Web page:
A Better World for the Future

The bobolinks are back, bringing with them one of the prettiest songs in all of nature. Today the dogs and I were serenaded from all corners of the field as those lovely birds staked out their nesting places. We’ve been fortunate in the past few years. As more farms have gone out of hay crops and those still in hay are cutting earlier in the season than they once did. These birds are safe in our fields until the end of June when they finish their nesting. Last year we had at least fifteen nests and music throughout May and June that would lift the heaviest heart.

You see, protecting birds isn’t just about birds, it’s all about us. Our motives are quite self serving. We don’t use pesticides or chemical fertilizers on our fields and garden. While this serves the nesting birds, it primarily serves us, our garden vegetables, the water in our ponds and the air that we breathe. In fact, since we breathe the air, drink water and eat the food that came from the ground, our environmental activities are the most self-serving things we do.

So, there you go. It’s a classic conundrum. Everything that we were taught about competition , that you only win by making someone else lose, fails us in the real world. The greatest problems facing the world today, climate change, inadequate supplies of clean safe water and food in many countries, air so polluted in many cities that people wear masks so they can breathe, loss of biodiversity in modern agriculture cannot be served by the competition paradigm. Since we all breathe the same air, automobile and factory emissions hurt everyone. If climate change continues to cause the Great Lakes to evaporate, we all lose this most precious of all commodities. If modern society allows the skills required to grow our own food to be lost, then all of society will suffer. Ultimately we can’t save ourselves by thinking only of ourselves.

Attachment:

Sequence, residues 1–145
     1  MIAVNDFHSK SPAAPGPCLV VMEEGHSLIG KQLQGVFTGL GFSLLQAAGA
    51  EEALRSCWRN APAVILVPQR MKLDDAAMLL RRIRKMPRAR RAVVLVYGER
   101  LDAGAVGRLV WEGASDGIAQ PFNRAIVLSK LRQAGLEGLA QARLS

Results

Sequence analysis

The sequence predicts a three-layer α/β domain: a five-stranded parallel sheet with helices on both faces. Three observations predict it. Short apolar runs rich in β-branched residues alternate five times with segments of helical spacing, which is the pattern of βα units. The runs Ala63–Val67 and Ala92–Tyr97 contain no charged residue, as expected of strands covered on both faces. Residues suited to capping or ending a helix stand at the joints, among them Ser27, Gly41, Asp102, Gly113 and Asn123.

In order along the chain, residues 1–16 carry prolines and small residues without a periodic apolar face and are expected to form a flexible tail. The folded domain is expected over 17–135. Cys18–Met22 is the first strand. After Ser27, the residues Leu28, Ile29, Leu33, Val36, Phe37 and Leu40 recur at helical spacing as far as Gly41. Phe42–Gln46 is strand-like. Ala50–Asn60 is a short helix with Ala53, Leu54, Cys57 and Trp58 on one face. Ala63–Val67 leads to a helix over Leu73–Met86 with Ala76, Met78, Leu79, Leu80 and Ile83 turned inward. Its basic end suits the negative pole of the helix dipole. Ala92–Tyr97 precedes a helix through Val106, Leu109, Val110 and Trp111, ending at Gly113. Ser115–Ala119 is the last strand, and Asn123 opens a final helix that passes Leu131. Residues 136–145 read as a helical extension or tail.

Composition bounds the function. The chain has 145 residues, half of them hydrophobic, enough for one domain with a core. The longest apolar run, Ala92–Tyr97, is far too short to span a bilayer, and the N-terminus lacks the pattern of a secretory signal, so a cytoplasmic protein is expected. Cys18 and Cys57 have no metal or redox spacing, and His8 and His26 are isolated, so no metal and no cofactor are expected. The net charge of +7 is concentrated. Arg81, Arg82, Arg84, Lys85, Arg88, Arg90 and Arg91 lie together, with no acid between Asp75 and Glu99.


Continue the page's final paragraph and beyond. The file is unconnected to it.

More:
Which brings me back to the birds or community gardens or riding my bicycle instead of driving or sitting here writing this column. Every morning that I take the dogs into the field the birds set up a chorus that cheers my soul. Every local gardener that loves to eat his own locally grown vegetables helps to protect the air that I breathe by cutting the number of trucks importing foreign produce to local stores. Every time I ride my bike I feel like a kid again. It is only incidental that I save the cost of the bicycle every year by not driving and protect the air from my truck’s exhausted greenhouse gasses.

So, whether you love gardening or walking or cycling or eating locally grown food or listening to birds, keep doing it. Your fun benefits us all. We don’t have to approach environmental problems as obligations. That approach is not sustainable. Pick positive activities that you enjoy doing and try to share that enjoyment with your family and friends. Who knows, maybe we could all end up walking or biking to work and feel healthier as a result. Maybe, too, we could rediscover the peace of listening to the birds singing at dawn and dusk or growing our own fresh vegetables, fruit and flowers and in doing so helping to protect the biodiversity of the world around us. Maybe too this trend could support a whole new industrial age, one that is ecologically sustainable. Then, maybe, we can turn to our children and say, “It took us a long time to get here, but we finally woke up and remembered the dreams that we once had of helping to make a better world for the future.” Who knows. Fun can be contagious. See you next time.

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